Racial Justice NOW! responds to Learn to Earn “Know the Gap Close the Gap” data release

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Dayton, OH. (Feb. 21, 2017) – On the morning of January 27, 2017 the Dayton Racquet club was filled with community leaders for an event hosted by Learn to Earn Dayton. The gathering was organized to highlight new data that shows achievement levels for Montgomery County students, grades K-12, based on race. The data revealed that the achievement rate for Black boys and girls are significantly lower than their white counterparts, specifically, Black boys.

The keynote speaker for the event was Dr. Gloria Ladson-Billings, professor of urban education at the University of Wisconsin-Madison and theorist of culturally relevant teaching. She encouraged a holistic approach to education be taken and also reframed the idea of an implied achievement gap, stating that we instead have an “education debt”

While the Learn to Earn “Know the Gap, Close the Gap” data considered factors like suspension rates and social-economic factors, Dr. Ladson-Billings suggested that issues like housing, health, and after-school activities are to be considered in part with the curriculum. She also indicated that educators have a role in moving beyond sympathy to demanding success versus using socio-economic status to give a pass to failure. Dr. Ladson-Billings theory is based on the need for a shift to occur in how students are labeled. The labeling of students in early education as at-risk, psychologically defines them, leaving a negative impact on self-worth and awareness. The term “achievement gap” also suggests that it is up to the students and teachers to “catch up” versus looking at how “all of us will begin to pay down this mountain of debt that we have amassed at the expense of entire groups of people and their subsequent generations,” says Dr. Ladson-Billings.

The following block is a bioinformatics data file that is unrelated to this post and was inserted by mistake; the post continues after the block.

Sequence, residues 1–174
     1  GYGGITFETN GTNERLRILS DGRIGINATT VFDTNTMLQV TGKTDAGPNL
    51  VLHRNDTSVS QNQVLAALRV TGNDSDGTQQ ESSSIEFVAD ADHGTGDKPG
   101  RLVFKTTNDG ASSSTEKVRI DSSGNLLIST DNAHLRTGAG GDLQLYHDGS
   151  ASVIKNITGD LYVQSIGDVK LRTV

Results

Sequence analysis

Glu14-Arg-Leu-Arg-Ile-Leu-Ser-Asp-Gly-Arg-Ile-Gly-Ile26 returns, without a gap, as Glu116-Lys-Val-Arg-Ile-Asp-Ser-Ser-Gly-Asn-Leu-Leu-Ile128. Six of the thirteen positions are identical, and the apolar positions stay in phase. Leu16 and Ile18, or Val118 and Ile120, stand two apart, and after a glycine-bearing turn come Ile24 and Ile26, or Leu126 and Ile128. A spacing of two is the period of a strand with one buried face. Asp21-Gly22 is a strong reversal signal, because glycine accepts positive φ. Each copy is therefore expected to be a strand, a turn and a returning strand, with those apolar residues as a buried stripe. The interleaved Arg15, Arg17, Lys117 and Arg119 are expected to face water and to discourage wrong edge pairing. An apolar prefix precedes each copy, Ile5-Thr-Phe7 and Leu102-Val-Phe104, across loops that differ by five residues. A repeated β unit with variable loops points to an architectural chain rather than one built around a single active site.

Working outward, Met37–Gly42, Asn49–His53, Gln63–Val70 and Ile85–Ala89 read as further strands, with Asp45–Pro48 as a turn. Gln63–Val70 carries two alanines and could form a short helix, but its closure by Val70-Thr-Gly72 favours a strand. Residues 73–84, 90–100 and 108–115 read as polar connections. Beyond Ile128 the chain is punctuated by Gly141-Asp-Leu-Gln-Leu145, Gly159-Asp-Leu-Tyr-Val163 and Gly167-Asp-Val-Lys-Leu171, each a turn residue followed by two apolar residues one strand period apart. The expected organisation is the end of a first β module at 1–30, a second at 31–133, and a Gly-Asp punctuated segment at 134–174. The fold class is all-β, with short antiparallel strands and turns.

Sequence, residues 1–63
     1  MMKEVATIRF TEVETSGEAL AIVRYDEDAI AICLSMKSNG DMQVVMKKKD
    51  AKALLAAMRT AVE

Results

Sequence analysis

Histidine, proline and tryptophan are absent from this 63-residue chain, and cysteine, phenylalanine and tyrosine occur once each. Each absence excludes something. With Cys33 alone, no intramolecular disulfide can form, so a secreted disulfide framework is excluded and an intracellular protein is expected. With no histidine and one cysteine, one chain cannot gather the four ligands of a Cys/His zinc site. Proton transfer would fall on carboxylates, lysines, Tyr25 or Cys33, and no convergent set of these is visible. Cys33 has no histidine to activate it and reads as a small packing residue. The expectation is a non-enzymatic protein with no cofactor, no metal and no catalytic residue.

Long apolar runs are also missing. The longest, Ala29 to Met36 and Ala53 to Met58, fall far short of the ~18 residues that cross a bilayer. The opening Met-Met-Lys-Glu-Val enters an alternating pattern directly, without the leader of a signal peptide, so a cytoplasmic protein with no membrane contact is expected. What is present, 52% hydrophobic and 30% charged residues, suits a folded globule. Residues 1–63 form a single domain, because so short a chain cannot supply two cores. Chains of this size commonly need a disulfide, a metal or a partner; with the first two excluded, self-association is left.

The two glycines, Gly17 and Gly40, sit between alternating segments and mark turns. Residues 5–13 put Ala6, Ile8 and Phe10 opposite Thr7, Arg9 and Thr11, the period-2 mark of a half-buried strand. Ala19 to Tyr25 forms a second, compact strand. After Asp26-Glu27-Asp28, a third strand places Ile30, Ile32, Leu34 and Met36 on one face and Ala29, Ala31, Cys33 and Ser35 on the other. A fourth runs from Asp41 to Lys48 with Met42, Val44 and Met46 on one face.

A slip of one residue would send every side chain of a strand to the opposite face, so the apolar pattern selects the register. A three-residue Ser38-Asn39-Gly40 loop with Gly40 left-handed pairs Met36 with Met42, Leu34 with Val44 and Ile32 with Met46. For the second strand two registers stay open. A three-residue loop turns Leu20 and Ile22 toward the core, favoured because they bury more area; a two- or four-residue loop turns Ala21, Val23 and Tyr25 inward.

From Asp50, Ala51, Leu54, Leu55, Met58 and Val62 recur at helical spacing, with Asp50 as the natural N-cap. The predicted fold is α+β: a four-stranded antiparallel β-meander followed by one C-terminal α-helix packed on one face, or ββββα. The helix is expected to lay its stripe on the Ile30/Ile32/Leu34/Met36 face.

Racial Justice NOW! was glad to see that Dr. Ladson-Billings challenged the achievement data. As a Black led organization that serves Back parents and students, we see the data release as incomplete and out of context. Unfortunately for our community, showing that Black boys and girls are on the bottom academically, without putting into context the long history of this nation’s oppressive and racist institutional policies and practices only reinforces the idea of Black inferiority. Dr. Ladson-Billings challenged the idea of Black inferiority by asking a simple question: “Who is the highest performing sub group? While some in the crowd answered white males, and others said Asians, the reality was Nigerians were the highest performing subgroup.

At this time, it is unclear the intentions of the release of this data, but it must be noted that Black scholars have studied and presented solutions to the numerous educational barriers in the Black community. Sadly enough, Black scholarship has been dismissed in solving the education crisis that we currently face and have been facing. We must also note that Blacks in America were not allowed to read for over three hundreds, facing the penalty of a bull whip and many times death.

We have listened to many influential people in the community who feel like action will be taken following such a significant data release, but many of us thought the same when Montgomery County released the opportunity mapping data, but significant action has been found wanting.
Will the county invest in Black Boys? Will the investment be based in the same superior/inferior paradigm where black children must submit to a white school curriculum? Curriculum and policies have yet to deal with the effects of 400+ years of oppression and racism in education, as well as how the American government views and funds education. This, overall, adds to the social, political and economic consequences that come from devaluing Black lives.

We need a radical shift in our consciousness in regards to what we believe about Black children and how they learn. We need a radical shift in policy change and we need to invest in the education of young people, their parents, and the community.

Before we can implement effective solutions we must answer the question of what equity means for a people that have been intentionally, strategically, and systemically divested in and oppressed at every level of society. We must also stop demanding that Black children conform to white culture and instead present opportunities to engage in a curriculum and learning environment that is culturally relevant.

We challenge community leaders to take the advice that keynote speaker Dr. Ladson Billings gave when she told everyone in attendance to read Mis-Education of the Negro by Dr. Carter G. Woodson (which is coincidentally the same book that RJN demanded be implemented in the Dayton Public Schools curriculum). Additionally, we ask will Montgomery County invest in grassroots organizations to create more after school programs as Dr. Ladson Billings advised.

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